Squid Game Serie Explained: What’s Up With the Ending?

Squid Game is by far the most talked-about TV series, topping the global ratings of Netflix’s streaming service. In just 10 days, the survival thriller took the top spot in 90 countries, becoming the first South Korean series to attract viewers from around the world. In it, adults play childish games while trying to keep themselves alive and win a huge cash prize.

Squid Game movie meaning

Genre survival thriller, drama
Created by Hwang Dong Hak
Starring Lee Jung-jae (Song Ki Hoon), Park Hae-soo (Cho Sang-woo), Ho Eun-jung (Kang Se-baek), Oh Eun-soo (Oh Il-nam), Ho Sung-tae (Jang Dok-soo), Anupam Tripathi (Ali Abdul), Kim Joo-ren (Han Mi Ne), Wee Ha-joon (Police Officer Hwang Chun-ho), Kon Yoo (Stranger with ttakji), etc.
Netflix Channel
Year of release 2021
Series 9
IMDb sites

The popularity of the series can be criticized, considering its script to be overrated and not the most original survival story. Netflix’s new hit does conjure up associations with existing movies, and series showrunner Hwang Dong-hyuk honestly admits that he drew inspiration from the Battle Royale manga, Liar Game and Gambling Apocalypse: Kaiji. With a great desire to pick on, the most attentive viewers can easily find not only similarities with the comics, but also find a number of minor flaws and contradictions (you can’t list them without spoilers).

However, these remarks are unlikely to spoil the overall impression of an intriguing story, which in English-language reviews are categorized as “enjoyable to watch”. And it is true, the series is fascinating, you want to watch it without pausing to see the variety of trials prepared for desperate characters (by the way, on YouTube you can find dozens of clips with interesting analysis of details that indicate important nuances of the plot – there are much more of them than visible inconsistencies).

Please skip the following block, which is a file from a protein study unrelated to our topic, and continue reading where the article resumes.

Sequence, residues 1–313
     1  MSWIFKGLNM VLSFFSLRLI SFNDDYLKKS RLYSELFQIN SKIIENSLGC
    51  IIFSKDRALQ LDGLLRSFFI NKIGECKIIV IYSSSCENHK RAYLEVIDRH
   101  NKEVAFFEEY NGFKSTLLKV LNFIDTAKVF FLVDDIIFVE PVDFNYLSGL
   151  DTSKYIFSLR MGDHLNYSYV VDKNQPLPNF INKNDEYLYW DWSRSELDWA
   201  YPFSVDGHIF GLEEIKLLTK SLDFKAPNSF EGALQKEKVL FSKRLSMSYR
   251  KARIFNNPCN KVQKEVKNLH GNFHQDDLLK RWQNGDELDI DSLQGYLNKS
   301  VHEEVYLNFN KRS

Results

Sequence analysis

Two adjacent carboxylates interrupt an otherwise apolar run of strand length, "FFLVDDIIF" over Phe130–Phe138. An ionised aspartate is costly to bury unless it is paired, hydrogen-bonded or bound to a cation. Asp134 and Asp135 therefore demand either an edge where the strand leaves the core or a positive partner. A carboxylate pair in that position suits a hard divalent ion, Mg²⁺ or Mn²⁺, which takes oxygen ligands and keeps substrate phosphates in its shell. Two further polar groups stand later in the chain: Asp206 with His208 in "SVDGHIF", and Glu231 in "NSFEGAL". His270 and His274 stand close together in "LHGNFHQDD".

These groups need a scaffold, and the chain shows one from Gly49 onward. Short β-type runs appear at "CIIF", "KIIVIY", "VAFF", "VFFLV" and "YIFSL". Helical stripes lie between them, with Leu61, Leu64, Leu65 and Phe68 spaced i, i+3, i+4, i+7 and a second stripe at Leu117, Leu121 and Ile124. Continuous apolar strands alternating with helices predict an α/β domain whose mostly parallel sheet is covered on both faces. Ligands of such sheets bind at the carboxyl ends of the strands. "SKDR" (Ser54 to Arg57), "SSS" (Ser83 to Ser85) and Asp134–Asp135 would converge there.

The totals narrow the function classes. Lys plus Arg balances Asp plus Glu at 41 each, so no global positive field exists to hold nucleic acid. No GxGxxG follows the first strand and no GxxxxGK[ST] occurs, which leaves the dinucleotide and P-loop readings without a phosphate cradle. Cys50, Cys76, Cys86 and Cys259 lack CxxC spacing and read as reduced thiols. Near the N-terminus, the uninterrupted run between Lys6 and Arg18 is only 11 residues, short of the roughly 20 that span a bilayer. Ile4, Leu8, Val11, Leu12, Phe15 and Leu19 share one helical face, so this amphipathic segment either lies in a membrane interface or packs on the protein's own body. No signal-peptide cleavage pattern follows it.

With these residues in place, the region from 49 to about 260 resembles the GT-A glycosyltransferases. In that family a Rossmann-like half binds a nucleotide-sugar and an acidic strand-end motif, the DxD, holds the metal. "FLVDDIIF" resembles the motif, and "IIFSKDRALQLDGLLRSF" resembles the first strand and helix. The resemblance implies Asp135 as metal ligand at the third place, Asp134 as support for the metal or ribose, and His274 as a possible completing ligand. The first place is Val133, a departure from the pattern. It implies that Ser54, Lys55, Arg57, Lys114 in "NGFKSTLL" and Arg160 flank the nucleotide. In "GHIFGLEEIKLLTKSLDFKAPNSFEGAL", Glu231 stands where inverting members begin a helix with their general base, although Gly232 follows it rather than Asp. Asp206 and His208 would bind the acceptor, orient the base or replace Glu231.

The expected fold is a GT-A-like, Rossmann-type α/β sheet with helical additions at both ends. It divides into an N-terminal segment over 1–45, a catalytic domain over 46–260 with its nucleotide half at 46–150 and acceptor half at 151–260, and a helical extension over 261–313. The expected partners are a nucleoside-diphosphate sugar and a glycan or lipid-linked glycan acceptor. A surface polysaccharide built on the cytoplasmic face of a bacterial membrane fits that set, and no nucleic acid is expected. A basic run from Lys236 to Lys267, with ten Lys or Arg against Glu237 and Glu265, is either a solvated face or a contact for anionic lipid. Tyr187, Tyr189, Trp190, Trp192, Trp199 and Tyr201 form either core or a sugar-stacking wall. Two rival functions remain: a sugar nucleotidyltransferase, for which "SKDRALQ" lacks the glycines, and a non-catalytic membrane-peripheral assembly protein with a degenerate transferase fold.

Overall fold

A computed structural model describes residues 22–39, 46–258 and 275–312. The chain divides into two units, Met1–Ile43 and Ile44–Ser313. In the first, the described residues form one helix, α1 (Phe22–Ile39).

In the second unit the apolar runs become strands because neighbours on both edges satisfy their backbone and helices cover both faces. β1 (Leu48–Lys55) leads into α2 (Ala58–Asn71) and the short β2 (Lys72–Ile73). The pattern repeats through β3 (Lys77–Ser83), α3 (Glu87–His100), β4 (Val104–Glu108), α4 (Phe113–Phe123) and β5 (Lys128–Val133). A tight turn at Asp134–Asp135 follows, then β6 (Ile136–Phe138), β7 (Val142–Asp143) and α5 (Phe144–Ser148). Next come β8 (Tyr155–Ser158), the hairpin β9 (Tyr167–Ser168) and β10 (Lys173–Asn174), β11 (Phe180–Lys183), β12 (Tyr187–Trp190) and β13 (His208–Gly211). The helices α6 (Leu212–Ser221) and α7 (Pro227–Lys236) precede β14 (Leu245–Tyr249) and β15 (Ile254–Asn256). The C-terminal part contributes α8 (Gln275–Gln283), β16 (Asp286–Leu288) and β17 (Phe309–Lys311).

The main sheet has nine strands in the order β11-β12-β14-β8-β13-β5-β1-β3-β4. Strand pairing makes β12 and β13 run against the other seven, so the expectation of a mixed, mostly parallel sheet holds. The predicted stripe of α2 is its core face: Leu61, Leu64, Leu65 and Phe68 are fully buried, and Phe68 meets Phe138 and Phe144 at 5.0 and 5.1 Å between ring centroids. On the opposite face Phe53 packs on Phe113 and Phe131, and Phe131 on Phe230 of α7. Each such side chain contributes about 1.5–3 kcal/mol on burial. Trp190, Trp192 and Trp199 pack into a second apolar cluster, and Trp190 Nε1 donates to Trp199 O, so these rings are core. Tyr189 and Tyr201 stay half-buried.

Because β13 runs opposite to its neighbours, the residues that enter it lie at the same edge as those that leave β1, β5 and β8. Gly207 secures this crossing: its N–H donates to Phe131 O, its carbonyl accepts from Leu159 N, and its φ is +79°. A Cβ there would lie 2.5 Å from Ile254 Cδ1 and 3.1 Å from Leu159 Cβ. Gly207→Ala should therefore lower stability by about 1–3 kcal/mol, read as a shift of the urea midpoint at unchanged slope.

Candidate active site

The heroes of the series are people who are on the edge and cannot pay off their debts. They are offered a simple chance to earn money: within six days you need to play six children’s games. The winner, who will reach the end and will not violate the statutes, will receive a large cash prize. At first glance, everything seems pretty simple, so the 456 strangers agree to the terms of the contract. During the first game, they learn that the tempting offer has one more rule – once eliminated, the player immediately dies.

What’s most fascinating about Squid Game is the way the death games are set up, which have managed to attract hundreds of participants. The organizers of the competitions are anonymous people who control the situation by looking at numerous monitors. The players themselves are in a huge barracks that resembles a prison cell. They come out of there only to go to another outlandish location, where they will be told the order of the next actions. The players are surrounded by soldiers dressed in identical uniforms, whose faces cannot be seen behind black masks with the image of geometric shapes.


The plot of the series gradually reveals how this mysterious place, teeming with bright colors, is arranged. So the rainbow grounds become a frightening backdrop for bloody events, and the impeccable system of supervision hides its secrets, which are better not to go out (it is noteworthy that the creators of the series tried to use CGI as little as possible, so many sets were constructed on the set for weeks, even the giant doll from the first series was real – now it is in the South Korean museum Macha Land).